A new hobby that’s making me a better founder

“Things you wouldn’t do in a shared cab!” — yells out an audience member who also happens to be an actor. Santosh, does his best Drew Carey impression and signals that we must go on. As I signal to Saurabh to come and help me with the scene, there’s a chuckle he hides while he walks toward the stage to act as my co-passenger. He knows that things are going to get nasty. All filters have been deactivated. No one knows what I’m about to do. Not even Saurabh. I turn towards him and, while singing the good old 90s jingle for Britannia Cream Treat, lick his face. The audience loses it and erupts into laughter. That’s just one of the hundreds of scenes that make up a chunk of my weekends these days. More on that in a minute.

I’m not a first-time founder. Technically, I ran a services company before I started Eventosaur but the learnings from there only helped me become a better sales and Ops guy. However, that very valley-esque mentality of learning from everything around one and applying it to one’s startup is new to me. So, bear with me and if there’s one thing you take away from this post, let it be that you can learn something useful and cool from almost anything and anyone.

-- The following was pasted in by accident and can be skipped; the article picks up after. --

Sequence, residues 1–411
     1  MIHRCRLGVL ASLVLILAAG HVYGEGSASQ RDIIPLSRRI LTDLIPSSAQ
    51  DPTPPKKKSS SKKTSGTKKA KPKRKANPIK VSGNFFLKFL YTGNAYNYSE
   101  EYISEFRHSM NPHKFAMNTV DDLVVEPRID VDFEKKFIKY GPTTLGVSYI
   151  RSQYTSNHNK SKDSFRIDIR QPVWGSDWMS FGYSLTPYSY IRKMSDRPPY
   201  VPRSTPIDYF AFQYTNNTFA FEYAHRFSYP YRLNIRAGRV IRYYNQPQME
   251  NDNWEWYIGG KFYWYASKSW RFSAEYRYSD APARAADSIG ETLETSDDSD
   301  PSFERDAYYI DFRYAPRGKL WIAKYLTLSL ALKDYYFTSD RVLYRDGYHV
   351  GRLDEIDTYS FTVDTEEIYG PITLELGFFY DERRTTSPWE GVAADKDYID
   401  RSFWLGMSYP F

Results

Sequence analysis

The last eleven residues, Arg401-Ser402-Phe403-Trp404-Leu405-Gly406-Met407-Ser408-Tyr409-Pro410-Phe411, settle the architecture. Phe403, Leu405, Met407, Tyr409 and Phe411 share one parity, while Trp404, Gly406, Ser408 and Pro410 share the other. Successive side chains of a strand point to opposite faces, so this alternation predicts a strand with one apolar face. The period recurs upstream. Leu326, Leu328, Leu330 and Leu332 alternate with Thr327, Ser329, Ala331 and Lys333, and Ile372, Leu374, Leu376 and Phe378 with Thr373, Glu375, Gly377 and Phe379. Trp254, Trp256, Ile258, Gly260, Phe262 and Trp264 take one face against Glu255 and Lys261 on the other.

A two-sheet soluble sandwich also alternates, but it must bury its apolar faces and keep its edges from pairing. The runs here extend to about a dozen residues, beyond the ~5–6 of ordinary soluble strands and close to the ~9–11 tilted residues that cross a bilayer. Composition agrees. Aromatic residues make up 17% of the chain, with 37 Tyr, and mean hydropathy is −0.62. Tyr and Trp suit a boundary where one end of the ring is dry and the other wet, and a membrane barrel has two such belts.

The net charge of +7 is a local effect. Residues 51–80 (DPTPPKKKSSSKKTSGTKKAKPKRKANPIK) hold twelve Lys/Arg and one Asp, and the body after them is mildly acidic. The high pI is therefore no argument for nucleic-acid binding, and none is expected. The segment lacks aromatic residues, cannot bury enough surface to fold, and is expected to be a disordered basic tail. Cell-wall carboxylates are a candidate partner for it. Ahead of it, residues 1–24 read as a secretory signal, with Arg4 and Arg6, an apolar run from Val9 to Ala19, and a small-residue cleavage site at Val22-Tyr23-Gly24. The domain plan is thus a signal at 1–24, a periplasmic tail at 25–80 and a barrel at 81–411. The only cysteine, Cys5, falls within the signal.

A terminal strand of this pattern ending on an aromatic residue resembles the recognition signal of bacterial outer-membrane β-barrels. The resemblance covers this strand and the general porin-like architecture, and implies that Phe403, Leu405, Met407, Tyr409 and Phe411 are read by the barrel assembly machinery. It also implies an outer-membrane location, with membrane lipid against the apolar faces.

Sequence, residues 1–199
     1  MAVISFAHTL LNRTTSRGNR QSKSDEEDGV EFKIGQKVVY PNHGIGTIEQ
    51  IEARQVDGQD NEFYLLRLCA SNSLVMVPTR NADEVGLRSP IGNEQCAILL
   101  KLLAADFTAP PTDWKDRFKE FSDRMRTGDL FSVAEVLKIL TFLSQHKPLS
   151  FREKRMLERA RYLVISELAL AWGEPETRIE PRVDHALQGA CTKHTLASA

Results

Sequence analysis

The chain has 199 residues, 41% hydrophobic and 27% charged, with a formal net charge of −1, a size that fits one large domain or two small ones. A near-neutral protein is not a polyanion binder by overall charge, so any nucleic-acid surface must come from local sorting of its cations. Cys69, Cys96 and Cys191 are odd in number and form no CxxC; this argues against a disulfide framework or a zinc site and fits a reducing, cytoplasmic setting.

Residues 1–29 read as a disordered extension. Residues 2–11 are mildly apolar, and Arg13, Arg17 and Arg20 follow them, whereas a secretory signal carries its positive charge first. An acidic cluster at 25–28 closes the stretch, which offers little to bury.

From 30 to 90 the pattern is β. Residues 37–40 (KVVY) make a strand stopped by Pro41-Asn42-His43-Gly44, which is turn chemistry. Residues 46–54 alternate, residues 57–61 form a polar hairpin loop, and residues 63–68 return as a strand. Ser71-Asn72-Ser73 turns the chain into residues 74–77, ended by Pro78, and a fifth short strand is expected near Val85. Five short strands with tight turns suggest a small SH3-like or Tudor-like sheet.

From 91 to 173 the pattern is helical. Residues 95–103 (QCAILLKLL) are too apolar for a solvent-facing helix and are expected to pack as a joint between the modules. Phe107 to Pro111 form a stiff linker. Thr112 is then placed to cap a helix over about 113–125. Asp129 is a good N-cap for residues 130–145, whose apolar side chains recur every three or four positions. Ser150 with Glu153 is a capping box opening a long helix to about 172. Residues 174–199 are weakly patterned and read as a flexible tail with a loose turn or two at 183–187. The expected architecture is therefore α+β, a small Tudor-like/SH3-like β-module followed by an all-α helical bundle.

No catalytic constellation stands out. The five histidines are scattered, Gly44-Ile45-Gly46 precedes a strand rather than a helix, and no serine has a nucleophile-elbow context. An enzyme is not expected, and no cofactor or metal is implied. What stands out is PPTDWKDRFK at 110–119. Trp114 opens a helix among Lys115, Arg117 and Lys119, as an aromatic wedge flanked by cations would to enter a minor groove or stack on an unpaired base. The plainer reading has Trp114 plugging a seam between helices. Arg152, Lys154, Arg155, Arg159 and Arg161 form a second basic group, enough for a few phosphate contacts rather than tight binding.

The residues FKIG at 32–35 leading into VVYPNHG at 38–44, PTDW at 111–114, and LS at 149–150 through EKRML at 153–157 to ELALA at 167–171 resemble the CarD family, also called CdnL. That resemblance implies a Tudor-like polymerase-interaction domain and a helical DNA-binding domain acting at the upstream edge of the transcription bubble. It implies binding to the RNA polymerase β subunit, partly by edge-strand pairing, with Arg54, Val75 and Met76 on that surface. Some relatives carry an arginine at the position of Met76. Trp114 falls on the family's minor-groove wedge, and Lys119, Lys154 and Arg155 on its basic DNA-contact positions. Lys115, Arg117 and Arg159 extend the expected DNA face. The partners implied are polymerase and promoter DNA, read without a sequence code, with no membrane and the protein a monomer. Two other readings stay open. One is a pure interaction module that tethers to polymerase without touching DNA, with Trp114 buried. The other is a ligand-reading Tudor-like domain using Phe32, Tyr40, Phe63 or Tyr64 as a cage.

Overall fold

It’s been over a year since we bought the Eventosaur dot com domain and almost everything I do outside the company teaches me how to run it better. Around the time we started up, I started working out and the discipline from that habit has shaped how we function. That’s a story for another day though. Also, working out isn’t a hobby. It’s a lifestyle change. I eat better, sleep better and lift heavy pieces of metal off the ground to make sure I like what I see in the mirror and continue to feel the same way for several years to come. Hobbies are what we had as kids. The list of things we wrote in our friends’ slam books. Those were hobbies. Those competitions we participated in during school fests were hobbies. Like most of you reading this post, to me growing up meant lesser time for hobbies.

Like every kid from the 90s who had access to cable TV, I grew up watching Ryan Stiles, Colin Mochrie, Drew Carey, Wayne Brady and several others make an entire generation laugh via their show ‘Whose line is it anyway?’